Elizabeth Lee Scull and David Scull were an influential and dynamic political couple who served Montgomery County and the state of Maryland from the late 1950s to the early 1980s. Their personal relationship and their professional careers reflect many of the social, cultural, and political changes that affected American society during that turbulent era.
Both were born to affluent families. David Scull was born in Overbrook, Pennsylvania, on Philadelphia's Main Line, on September 16, 1917. He was educated at the William Penn Charter School and at Princeton University, where he graduated with a degree in chemistry in 1939. Scull enlisted in the United States Army at the outbreak of World War II, rising from private to major. He served in both the European and Asian theaters, and won a Bronze Star in combat. In 1942 David Scull married Elizabeth Lee of Silver Spring, Maryland. Born in 1924, Elizabeth was a member of one of Maryland's oldest and most prominent political families. She was the granddaughter of United States Senator Blair Lee and the daughter of E. Brooke Lee, the Democratic political patriarch of Montgomery County.
Upon David's discharge from the army, the Sculls moved to Boston, where David was a salesman for the the newly-emerging plastics industry. After three years, the couple returned to Silver Spring, Elizabeth's hometown, in 1948. David became active in the field of real estate and founded Sterling and Scull, Inc., a firm specializing in commercial leasing, and, with his wife, became increasingly active in the community. In 1952, David revived the moribund Montgomery County Community Chest charity. Two years later, he ran unsuccessfully as a Republican candidate for the Montgomery County Council. This campaign initiated the long political careers of David and Elizabeth Scull. For Elizabeth, joining the Republican Party was a bold step away from her influential Democratic family.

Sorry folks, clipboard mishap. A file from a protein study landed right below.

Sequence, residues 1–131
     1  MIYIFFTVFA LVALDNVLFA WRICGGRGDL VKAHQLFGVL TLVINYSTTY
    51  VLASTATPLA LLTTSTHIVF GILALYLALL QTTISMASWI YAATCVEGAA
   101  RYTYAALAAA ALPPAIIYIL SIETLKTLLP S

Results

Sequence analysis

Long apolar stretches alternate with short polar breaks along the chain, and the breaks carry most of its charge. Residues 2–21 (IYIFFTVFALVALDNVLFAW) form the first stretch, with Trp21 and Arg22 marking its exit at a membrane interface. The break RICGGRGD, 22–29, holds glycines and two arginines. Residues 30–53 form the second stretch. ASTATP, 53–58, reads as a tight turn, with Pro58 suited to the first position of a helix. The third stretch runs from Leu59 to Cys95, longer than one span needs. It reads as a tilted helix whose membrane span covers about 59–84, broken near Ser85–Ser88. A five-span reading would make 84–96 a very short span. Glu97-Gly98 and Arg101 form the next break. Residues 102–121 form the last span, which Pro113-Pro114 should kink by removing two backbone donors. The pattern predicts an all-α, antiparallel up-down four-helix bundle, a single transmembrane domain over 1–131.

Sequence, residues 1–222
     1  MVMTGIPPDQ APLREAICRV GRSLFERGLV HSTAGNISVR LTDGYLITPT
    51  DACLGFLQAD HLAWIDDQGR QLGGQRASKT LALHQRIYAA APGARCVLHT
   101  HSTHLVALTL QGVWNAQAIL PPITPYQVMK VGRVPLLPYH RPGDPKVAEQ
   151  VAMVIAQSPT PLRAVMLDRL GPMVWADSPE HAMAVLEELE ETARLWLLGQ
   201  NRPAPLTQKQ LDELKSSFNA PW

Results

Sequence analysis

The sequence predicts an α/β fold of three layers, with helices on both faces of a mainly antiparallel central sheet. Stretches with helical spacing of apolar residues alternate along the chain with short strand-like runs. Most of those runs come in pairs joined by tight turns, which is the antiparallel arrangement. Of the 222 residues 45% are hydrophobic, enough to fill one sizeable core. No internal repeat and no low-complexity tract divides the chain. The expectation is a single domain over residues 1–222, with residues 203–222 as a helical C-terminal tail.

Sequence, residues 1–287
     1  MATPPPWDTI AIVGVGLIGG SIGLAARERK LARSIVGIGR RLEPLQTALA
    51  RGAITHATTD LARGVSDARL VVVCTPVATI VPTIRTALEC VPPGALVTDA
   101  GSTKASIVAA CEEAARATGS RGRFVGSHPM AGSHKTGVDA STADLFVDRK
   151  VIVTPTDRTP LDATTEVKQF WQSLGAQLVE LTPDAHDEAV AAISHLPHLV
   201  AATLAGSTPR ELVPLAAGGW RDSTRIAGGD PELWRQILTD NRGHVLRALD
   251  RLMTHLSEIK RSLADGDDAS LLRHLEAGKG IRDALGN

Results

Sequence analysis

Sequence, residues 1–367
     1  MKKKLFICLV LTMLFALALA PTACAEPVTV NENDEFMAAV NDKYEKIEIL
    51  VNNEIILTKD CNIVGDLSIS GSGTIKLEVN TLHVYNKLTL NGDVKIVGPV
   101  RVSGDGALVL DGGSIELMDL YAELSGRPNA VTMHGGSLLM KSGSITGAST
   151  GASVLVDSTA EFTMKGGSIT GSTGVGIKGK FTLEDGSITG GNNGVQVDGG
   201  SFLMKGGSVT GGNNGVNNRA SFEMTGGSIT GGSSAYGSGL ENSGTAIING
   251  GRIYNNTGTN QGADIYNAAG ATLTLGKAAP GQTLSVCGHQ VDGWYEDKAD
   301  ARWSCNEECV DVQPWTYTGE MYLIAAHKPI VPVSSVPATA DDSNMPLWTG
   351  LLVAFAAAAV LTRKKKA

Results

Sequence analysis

After his county council bid failed, David Scull concluded that the traditional rural and personal structure of the Republican Party of Montgomery County was an anachronism in a rapidly growing suburban county. In the late 1950s, Scull used his organizing skills to remedy the situation, gaining control of the Montgomery County Republican State Central Committee. Along the way, he served a stormy year (1957-1958) as a member of the Washington-National Capital Park and Planning Commission.
In 1962, Scull set his sights on state-level politics and announced his intention to run for governor. He withdrew when it became apparent that he lacked sufficient Republican support. Scull once again turned to reorganizing the GOP, this time at the state level. He served as chairman of the Maryland Republican State Central Committee from 1962 to 1964, when he resigned to run for an at-large seat in the United States House of Representatives. After winning the Republican nomination in June 1964 by just seventy votes (referring to himself as "tidal wave Dave"), David Scull was soon faced with a crisis of conscience. A member of the progressive wing of the GOP, he decided that he could not support the leading Republican presidential candidate, Senator Barry Goldwater of Arizona. Scull was deeply troubled by what he saw as the Goldwater campaign's racist appeal to the backers of Alabama governor George Wallace, a staunch segregationist who had waged an unsuccessful campaign for the Democratic nomination. David Scull joined other moderate Republican leaders who attempted to persuade Pennsylvania governor William Scranton to challenge Goldwater for the nomination. The effort to draft Scranton failed, Goldwater won the GOP presidential nomination, and Scull publicly refused to support the national ticket. Harshly criticized by many Republicans, Scull was soundly defeated in the November 1964 general election.